The church has struggled as women, once a seemingly endless supply of volunteer workers, entered the work force with careers of their own.  I'm not blaming women, here.  They have a variety of vocations, as men always have had, and its simply a fact that with women now being gainfully employed, there are simply not that many people left to do the Church's bidding Monday through Friday.  Two things:  I don't think we appreciated the extent to which women were the backbone of the Church throughout those years that they were available for the countless hours of volunteer service that they so selfishly put in.  And second, it is clear that vocational obligations for both men and women, are the 'first' in their lives.  "I have to work." is seen as a valid reason for not being available at Church.  Period. 

Not an unreasonable request.  

"I will follow you wherever you go, as long as my schedule allows."

But in the face of all these reasonable allowances, there stands this radical invitation to follow.  And make no mistake about it, it is an invitation to something that will lay an ultimate claim on our lives.  

Dare we believe that the call to enter into the Kingdom of God is so compelling as to trump all other concerns and obligations in our lives?  

The  Social Gospel movement of the last century was motivated by a deep seated conviction that working to bring about the Kingdom of God on earth was the primary call of all Christians.  That this was conceived of as even possible was a sign of the unbridled optimism of the pre-war years.  All of the ills brought about by the industrialization of this country were seen as solvable.  Unfortunately, that optimistic outlook that the Kingdom of God could be realized within our society was shattered by the confrontation with reality that came with the two world wars.  

In response, the neo-Orthodox movement replaced the Social Gospel movement.  Theologians such as Reinhold Niebuhr began writing books such as "Moral Man, Immoral Society" and largely laid to rest the notion that the Kingdom of God would ever be realized in our societies.  That the world would remain essentially as it always has been.  "God grant me the serenity to accept the things I cannot change, the courage to change the things I can, and the wisdom to know the difference." was Niebuhr's prayer.  And perhaps we've embraced that first line about accepting the things we cannot change, too much.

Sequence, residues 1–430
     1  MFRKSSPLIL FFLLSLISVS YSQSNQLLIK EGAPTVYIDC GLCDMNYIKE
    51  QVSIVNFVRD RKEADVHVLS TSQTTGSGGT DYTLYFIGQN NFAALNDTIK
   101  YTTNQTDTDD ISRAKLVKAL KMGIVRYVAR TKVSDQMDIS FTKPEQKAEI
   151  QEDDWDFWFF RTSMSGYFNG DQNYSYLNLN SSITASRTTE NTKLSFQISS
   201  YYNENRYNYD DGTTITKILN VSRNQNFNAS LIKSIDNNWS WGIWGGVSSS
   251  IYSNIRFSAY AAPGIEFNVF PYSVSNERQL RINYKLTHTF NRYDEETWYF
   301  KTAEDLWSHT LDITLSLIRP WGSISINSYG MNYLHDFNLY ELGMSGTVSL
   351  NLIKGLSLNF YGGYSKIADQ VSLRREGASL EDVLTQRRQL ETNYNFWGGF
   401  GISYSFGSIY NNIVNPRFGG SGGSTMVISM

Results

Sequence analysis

What has been lost in all of this is a sense of urgency around the kingdom work, and the belief that the Kingdom of God has anything at all to do with this life.  

If we would follow Jesus we would do well to realize and remember, that at the center of all his teachings was this matter of the Kingdom of God being at hand.  

Back to the notion of burying our father.  This seems like such a reasonable request because we have so watered down expectations regarding the Kingdom of God, that it goes without saying that such matters can wait.  Today, we have a funeral to attend. 

The Church will likely bury a lot more people in the coming decades than we will baptize.  I believe that there is a simple reason for this.  We have become caretakers, not crusaders for the Kingdom of God.  We see our primary obligation as caring for those in the pews, our family, and rarely go beyond that to the transformative work that is at the core of what Jesus talked about as the Kingdom of God.  

If we expect people to leave everything and follow Jesus (and us. . .) we have to rethink our dismissal of the Kingdom of God as only a possibility in the afterlife, that is, it is far off, and embrace Jesus' teaching that it has indeed "come near."

Related to this teaching about the Kingdom of God, what people long to hear is the promise that following Jesus will actually make a difference.

Then, and only then, will they be content to let the dead bury the dead, and seize the moment to follow this one we call Jesus. 

Friday, June 17, 2016

Year C, Proper 8, Galatians 5:1, 13-25, Bound to be free, and free to be Bound

"For freedom, Christ has set us free. . .
       .  .  . but through love become slaves to one another."

Free to become slaves.  

Love is a strange thing.  One the one hand, it is by necessity tied to freedom.  You cannot demand love.  It cannot be coerced or compelled.  It cannot be controlled.  You cannot force it upon another.  You cannot demand it, even of yourself.  For love to be  love at all it must by necessity be freely given, freely received.  And so there is  no greater freedom than that which is experienced in love.

"The whole law is summed up in a single commandment, "You shall love your neighbor as yourself."  Imagine living in a land in which there is only one law, this law.  An oxymoron at its best, commanding love.  

On the other hand, there is no greater compelling force in all of life than this simple thing we call love.  With it we become vulnerable.  Once experienced, it changes everything.  Nothing else is important.  Everything else becomes subject to love, and what love entails.  Love becomes our Lord.  That which I would have never dreamed about doing while I was 'free', I cannot imagine not doing now that I'm in love.  Love calls us to surrender, to submit, to become slaves to one another, freely.  Its hard to imagine 'freely' becoming a 'slave'.